The Saturday Auteur
Referred to as the ‘wild man’ of British cinema, the ‘apostle of excess’ and the ‘oldest angry young man in the business’, Ken Russell remains one of Britain’s most surreal, controversial and provocative filmmakers. A larger-than-life personality, in the main, Russell’s projects were interpretations of classic texts and biographies spun into wild works of sex, psychedelia and pomp that spanned biopics, horror, musicals, documentaries, grindhouse and many that refuse to be labelled so simply.
Yet it was music where Russell’s creative roots really took hold. Born in Southampton in the bleak 30s, he grew up with an angry, estranged father and an emotionally fragile mother who sought refuge from a rough home life with her son at the cinema. These Old Hollywood screenings were to prove a vital influence on Russell’s work. After time in the merchant navy (he left due to consistent seasickness) and the RAF as a young man, Russell returned home lost and anxious. Disorientated, it was upon hearing Tchaikovsky’s Piano Concerto No. 1 on the radio that something inside him was unleashed, and as he cranked the volume, he began leaping and howling around his parents’ house, nude and uninhibited.
This epiphanic experience unlocked a short-lived ambition to dance professionally – cut short when he got kicked out of ballet school for being too clumsy – before Russell arrived at the BBC as a documentary maker at its Monitor arts strand. Given this nationwide platform, Russell paid tribute to music’s classical heroes via elaborate and fantastical studies of renowned composers, from Elgar to Debussy – including his highly controversial portrait of German composer Richard Strauss as a Nazi sympathiser; banned after one screening.
Soon after, Russell made the move into feature films and pushed harder than ever. There was his adaptation of Aldous Huxley’s The Devils of Loudun that was cut by Warner Bros who didn’t appreciate scenes of nuns masturbating at Christ on the cross, his interpretation of D.H. Lawrence’s novel Women in Love, famed for its nude Japanese wrestling scene between Oliver Reed and Alan Bates, and Lair of the White Worm, an unhinged gore-fest that includes an 80ft albino phallus.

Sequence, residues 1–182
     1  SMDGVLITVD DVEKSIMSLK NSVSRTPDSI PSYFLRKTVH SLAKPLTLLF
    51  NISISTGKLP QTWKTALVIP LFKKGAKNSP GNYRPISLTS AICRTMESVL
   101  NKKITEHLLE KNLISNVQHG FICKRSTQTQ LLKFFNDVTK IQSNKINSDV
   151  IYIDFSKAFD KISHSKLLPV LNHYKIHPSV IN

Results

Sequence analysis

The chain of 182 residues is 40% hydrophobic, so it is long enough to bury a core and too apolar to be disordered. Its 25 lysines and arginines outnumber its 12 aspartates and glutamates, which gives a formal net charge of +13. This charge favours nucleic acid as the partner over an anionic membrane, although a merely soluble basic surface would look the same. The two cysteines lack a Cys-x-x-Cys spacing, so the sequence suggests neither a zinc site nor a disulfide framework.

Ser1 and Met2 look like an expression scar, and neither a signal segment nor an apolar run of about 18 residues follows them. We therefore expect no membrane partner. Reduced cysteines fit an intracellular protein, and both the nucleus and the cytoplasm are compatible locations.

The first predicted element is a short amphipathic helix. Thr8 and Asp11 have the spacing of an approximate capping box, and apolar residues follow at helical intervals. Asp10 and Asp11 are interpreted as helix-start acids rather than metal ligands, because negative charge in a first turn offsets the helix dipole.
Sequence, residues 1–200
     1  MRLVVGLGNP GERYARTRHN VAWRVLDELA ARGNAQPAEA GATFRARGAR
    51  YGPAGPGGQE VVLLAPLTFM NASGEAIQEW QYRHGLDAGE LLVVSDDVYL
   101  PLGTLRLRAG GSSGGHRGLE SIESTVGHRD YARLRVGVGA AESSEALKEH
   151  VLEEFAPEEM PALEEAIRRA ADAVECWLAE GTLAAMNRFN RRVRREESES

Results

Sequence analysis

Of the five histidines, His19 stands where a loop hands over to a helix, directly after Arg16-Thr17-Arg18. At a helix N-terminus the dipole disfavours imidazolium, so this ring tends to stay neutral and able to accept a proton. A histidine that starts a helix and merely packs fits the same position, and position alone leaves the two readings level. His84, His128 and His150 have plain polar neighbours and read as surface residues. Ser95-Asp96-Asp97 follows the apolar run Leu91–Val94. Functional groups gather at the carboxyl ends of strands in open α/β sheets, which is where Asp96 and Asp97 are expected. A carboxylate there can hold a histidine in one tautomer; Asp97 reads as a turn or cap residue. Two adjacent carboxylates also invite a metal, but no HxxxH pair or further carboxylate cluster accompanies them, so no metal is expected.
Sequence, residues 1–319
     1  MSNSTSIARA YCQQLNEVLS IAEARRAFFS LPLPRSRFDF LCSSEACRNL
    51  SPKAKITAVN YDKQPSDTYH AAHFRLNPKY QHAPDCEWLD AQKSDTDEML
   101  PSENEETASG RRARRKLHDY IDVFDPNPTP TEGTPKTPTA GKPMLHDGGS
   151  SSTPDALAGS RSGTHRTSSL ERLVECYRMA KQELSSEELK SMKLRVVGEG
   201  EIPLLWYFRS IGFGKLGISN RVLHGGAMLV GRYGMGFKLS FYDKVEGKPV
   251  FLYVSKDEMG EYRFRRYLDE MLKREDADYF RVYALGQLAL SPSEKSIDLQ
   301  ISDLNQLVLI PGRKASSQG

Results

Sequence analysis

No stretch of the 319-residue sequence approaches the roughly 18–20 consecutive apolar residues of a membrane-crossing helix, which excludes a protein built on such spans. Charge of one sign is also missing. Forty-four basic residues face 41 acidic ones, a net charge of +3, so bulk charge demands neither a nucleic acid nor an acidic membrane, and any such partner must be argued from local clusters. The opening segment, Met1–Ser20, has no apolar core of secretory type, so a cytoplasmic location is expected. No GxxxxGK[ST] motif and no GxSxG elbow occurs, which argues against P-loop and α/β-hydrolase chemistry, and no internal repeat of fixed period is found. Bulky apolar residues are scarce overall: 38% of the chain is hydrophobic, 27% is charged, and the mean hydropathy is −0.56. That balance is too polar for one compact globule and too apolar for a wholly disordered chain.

Having passed away in late 2011, Russell’s pioneering and uncompromising ouevre remains one of the most influential and daring in the business. Influencing directors from David Cronenberg to Terry Gilliam, Federico Fellini approved of Russell’s work to such a degree that he bestowed him the title: “the British Fellini.”
Tommy by Ken Russell, 1975
Russell’s fascination and appreciation for music may have stemmed from the classics, yet it expanded through his career. In 1975, curtains opened for the filmmaker’s adaptation of the Who’s 1969 concept album, Tommy, centred around a deaf, dumb and blind pinball wizard. Taking the band’s bizarre premise and sprinting with it, the work remains one of the most madcap musical films ever produced, featuring A-list turns by Oliver Reed, Elton John, Jack Nicholson, Tina Turner and Eric Clapton.
A freewheeling hallucination of a film, Tommy’s seedy and fetishistic tones itch at your skin – particularly Keith Moon’s hauntingly surreal role as the paedophilic Uncle Ernie. The work set a new president for blending film and music that would later influence all, from Kubrick to Andrew Lloyd Webber, proving that while not everything was tasteful, anything was possible.
The Devils by Ken Russell, 1971
Picking out Russell’s most controversial film is a tricky one, but his 1971 adaption of Aldous Huxley’s The Devils is right up there, having bagged Russell the Best Director-Foreign Film award at the Venice Film Festival, despite it being banned in Italy.
Taking Huxley’s non-fiction account of demonic possession hysteria in 17th-century France, Russell spun it into a romp of orgy, violence and unapologetic blasphemy. Starring Oliver Reed as Father Grandier and Vanessa Redgrave as Sister Jeanne, Russell’s masterpiece has been cut and censored repeatedly since its initial release, mainly in reaction to appalled god-fearing folk – the spectacle of Vanessa Redgrave masturbating with a charred human leg-bone proved a bit too much for some.
Yet strip back the film’s controversy and the genius is clear, from its gyrating camera angles to the ecclesiastic colour palette. One example of the film’s enduring legacy is cult filmmaker Derek Jarman, who designed sets for the project and subsequently changed career from painting to filmmaking and often referenced Russell via his own work.
What to watch by Ken Russell:
Top image: Still, The Devils by Ken Russell, 1971